Nerve cells and liver cells and skin cells are very different from one another, even though they all possess the same genetic material,and the secret behind this is strict regulation of gene expression. In any given cell, some genes are expressed,and some aren’t. An easy way to turn genes on and off has to do with the way that DNA is wrapped around histones to form Nucleosomes. When bound to histones, genes can’t be expressed. In order to express a gene, the gene must become accessible. This can happen if an enzyme modifies a histone through acetylation, methylation, or phosphorylation, thus decreasing its affinity for DNA.

  When a gene is no longer coordinated to the histone, it is available for transcription. In order for transcription to proceed, proteins called transcription factors are necessary. Some of these bind to a section of a promoter, usually in a region called a TATA box, as thymine-adenine pairs are easier to pry apart, given that they make one fewer hydrogen bonds than a CG pair.
  Binding to DNA occurs due to a binding domain that has affinity for a specific sequence of nucleotides in the promoter. The transcription factor also has an activation domain, which will bind to other regulatory proteins that enhance transcription.

A transcription factor can have one or more of either of these types of domains. In addition, there are other control elements farther away from the gene called enhancers that interact with proteins called activators. When activators bind to the enhancer, another protein can bend DNA to bring the activators closer to the promoter where the transcription factor can be found. Other proteins mediate interactions that produce the complete transcription initiation complex, which allows RNA polymerase to do transcription.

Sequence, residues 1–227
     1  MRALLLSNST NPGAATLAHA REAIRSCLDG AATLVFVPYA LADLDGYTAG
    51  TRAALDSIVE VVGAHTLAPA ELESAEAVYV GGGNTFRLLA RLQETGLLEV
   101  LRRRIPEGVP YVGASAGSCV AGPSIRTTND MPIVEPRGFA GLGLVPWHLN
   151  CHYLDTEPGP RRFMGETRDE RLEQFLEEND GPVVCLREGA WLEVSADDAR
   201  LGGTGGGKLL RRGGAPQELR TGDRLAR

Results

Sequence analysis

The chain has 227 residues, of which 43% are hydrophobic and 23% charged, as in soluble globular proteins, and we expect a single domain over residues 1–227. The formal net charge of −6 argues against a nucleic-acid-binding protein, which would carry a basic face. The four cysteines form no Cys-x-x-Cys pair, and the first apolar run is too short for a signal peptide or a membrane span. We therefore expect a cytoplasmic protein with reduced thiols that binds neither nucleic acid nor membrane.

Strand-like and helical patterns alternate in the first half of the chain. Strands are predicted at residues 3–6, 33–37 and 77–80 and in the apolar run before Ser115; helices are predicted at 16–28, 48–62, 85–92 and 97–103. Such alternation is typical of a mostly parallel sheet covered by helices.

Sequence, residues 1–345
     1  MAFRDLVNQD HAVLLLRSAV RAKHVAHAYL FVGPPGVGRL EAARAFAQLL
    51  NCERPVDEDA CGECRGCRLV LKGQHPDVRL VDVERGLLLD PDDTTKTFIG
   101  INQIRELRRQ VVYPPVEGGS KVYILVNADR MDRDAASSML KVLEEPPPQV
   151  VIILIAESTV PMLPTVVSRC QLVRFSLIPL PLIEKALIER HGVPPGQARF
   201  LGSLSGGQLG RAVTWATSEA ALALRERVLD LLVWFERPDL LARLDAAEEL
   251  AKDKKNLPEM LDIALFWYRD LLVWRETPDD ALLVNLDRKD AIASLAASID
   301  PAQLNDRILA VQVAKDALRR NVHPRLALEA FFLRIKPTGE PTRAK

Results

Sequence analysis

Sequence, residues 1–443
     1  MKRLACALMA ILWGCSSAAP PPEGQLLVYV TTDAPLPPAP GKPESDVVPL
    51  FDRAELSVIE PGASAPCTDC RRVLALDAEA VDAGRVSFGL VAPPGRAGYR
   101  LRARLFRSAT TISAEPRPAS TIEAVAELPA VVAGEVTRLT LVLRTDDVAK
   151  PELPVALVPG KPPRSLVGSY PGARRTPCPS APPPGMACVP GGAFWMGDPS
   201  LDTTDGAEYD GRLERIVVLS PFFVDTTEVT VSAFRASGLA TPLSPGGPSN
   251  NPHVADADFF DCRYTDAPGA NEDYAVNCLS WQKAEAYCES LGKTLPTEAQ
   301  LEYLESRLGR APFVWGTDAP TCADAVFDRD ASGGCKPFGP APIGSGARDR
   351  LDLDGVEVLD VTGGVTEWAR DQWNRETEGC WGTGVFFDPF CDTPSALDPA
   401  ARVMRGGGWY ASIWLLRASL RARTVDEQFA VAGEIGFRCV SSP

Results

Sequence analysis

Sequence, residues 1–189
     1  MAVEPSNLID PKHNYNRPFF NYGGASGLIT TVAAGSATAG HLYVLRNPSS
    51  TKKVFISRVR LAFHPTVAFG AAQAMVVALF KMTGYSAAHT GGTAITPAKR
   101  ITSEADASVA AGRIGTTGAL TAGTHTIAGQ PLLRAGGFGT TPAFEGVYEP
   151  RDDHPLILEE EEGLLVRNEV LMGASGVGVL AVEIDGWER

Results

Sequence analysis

There are many proteins involved when any gene is being transcribed, and so regulation of the levels of these proteins can regulate the expression of other genes. Some genes can only be transcribed when specific activator proteins are present, and this may only occur at a specific time, like hormones carrying a message to promote the expression of genes whose products trigger development during puberty.

  Combined with the acetylation and deacetylation of histones to either activate or silence genes, proteins that bind to mRNA to prevent translation, and other phenomena, the cell has several strategies at its disposal to regulate gene expression. A combination of these regulatory strategies therefore allows a relatively small number of inputs to regulate thousands of genes independently. Although these interactions are much more complex than we have depicted here, they tend to follow these principles.